Adolescent mental health facility in Canberra won’t be complete until 2023 while children as young as 13 are admitted to adult wards

Children as young as 13 years old continue to be admitted to Canberra Hospital’s Adult Mental Health Unit because the opening of a dedicated acute facility for young people has been pushed back to 2023.

A healthcare worker from the unit, who spoke to the ABC on condition of anonymity, said they and other staff had serious concerns when a 13-year-old adolescent was admitted last week.

“My first thought was filled with expletives,” they said.

“I could not believe that this had happened.

“Our ward is not set up for young people.”

The healthcare worker said they were particularly concerned that unit staff don’t have paediatric training or equipment to treat a child in the event of an emergency.

With thousands of students returning to schools across the ACT at the same time the 13-year-old was admitted, the worker said they were also concerned the child wouldn’t have access to the hospital school or a device for learning.

Admitting children to AMHU is ‘rare’

Adolescent mental health facility in Canberra won’t be complete until 2023 while children as young as 13 are admitted to adult wards
The Adult Mental Health Unit at the Canberra Hospital is not set up for children, but will admit them if they are a danger to themselves or others.(ABC News: Elise Scott)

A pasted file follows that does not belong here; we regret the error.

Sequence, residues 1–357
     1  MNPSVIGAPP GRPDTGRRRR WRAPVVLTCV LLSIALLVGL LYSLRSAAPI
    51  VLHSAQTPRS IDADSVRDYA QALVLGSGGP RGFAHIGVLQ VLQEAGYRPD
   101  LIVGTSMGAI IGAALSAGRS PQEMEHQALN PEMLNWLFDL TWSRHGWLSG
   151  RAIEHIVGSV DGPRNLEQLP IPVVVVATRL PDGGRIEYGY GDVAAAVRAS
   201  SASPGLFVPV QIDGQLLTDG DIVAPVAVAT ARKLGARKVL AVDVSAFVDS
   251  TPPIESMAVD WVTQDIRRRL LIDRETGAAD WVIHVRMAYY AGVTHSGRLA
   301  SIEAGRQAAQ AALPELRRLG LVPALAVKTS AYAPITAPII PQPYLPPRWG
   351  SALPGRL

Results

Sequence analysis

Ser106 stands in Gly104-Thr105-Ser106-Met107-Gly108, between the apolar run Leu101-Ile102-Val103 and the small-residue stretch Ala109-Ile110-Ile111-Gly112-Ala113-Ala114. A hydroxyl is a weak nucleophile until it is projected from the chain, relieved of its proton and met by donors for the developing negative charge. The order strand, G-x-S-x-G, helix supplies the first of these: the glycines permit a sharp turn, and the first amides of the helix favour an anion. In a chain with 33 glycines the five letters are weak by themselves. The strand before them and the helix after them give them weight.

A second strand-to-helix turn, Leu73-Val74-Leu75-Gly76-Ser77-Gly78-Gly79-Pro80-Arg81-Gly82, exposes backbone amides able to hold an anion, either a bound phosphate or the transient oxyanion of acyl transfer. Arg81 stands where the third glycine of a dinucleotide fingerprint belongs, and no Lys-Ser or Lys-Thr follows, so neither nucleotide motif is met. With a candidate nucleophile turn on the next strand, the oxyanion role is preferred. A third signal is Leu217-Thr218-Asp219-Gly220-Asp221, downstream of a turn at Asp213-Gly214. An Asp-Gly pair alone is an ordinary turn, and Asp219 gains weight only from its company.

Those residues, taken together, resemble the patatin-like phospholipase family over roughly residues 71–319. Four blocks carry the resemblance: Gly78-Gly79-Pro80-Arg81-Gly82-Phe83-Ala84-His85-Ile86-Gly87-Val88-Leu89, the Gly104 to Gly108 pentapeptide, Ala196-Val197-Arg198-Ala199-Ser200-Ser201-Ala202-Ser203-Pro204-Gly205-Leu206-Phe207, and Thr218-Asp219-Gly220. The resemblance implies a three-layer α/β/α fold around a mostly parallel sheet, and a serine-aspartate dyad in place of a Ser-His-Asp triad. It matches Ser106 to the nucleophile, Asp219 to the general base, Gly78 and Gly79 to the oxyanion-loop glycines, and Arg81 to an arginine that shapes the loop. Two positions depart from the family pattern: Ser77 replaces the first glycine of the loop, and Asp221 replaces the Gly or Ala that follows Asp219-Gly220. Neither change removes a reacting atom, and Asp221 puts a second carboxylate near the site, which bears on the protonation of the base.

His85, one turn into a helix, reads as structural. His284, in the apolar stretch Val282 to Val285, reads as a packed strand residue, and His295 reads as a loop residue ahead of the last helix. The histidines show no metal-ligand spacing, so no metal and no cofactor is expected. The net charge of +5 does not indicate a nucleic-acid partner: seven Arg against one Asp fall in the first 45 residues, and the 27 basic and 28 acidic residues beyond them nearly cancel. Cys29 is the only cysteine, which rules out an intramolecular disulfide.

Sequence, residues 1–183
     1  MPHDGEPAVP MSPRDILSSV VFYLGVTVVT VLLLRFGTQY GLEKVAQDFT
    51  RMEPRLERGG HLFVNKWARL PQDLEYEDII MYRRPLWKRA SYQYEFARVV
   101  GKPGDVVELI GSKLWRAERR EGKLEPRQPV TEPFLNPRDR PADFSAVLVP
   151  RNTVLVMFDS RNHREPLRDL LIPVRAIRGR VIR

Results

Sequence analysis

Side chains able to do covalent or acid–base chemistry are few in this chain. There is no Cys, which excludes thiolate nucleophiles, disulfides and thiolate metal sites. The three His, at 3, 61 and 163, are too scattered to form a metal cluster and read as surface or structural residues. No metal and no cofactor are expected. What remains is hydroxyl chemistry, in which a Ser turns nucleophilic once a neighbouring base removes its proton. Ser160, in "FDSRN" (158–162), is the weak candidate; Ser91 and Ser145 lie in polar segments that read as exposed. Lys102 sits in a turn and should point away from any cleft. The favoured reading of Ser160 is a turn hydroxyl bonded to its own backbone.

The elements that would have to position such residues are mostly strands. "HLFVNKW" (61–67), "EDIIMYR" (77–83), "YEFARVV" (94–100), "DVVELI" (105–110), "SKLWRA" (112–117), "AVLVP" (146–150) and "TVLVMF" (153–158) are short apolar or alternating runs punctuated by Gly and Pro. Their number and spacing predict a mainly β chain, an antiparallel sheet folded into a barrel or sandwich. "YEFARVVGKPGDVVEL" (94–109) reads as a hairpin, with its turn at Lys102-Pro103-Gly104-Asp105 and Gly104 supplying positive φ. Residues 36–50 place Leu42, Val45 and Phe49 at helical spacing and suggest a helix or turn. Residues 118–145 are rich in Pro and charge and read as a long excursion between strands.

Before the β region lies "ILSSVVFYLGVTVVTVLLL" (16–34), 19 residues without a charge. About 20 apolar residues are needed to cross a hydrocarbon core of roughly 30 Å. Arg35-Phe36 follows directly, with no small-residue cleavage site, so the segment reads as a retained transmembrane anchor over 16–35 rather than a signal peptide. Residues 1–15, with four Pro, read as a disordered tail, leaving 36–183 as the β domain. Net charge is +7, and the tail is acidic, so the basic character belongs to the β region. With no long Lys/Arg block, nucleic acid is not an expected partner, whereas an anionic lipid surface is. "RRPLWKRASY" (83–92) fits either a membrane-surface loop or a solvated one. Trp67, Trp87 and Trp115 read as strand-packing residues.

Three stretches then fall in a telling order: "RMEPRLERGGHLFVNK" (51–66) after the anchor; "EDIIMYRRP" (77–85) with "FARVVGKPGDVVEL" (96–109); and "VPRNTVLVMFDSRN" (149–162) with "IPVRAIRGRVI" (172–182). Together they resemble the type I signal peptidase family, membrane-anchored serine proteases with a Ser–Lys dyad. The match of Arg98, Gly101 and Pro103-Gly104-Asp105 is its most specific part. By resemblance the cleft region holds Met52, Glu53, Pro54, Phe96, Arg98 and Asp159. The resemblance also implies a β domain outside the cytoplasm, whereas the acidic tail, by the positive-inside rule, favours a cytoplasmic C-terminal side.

The Adult Mental Health Unit was designed as a therapeutic setting for acute treatment with opportunities to plan to engage with other mental health teams and the broader mental health sector.

Canberra Health Services Mental Health executive director Katrina Rea said children and young people with mental health conditions are typically treated on a paediatric ward, however, there is a provision in the AMHU’s model of care for children aged 12 and older to be temporarily admitted when it is the “safest and most appropriate care in the circumstances.”

“The specialised facilities at AMHU would provide the most suitable environment initially in such a case.

“The layout of the Adult Mental Health Unit allows for these young people to be cared for in a ‘suite’-like environment away from other patients.

“Once it is safe and appropriate to do so, a young person in this situation will be moved to a paediatric ward or discharged to return to their usual place of residence or alternative community based support service.

“Multi-disciplinary in-reach teams from other parts of the health service visit AMHU consumers when appropriate and as required.

“However, all AMHU nurses have training in general nursing and are equipped to provide safe care for patients irrespective of age.”

Concerns for adequate paediatric care

A close-up shot of a doctor noting down symptoms of a patient on a form with a stethoscope hanging around his neck.
The Mental Health Consumer Network’s Bianca Rossetti says AMHU staff may not be trained to offer appropriate support to adolescents. (Rawpixel: Felix)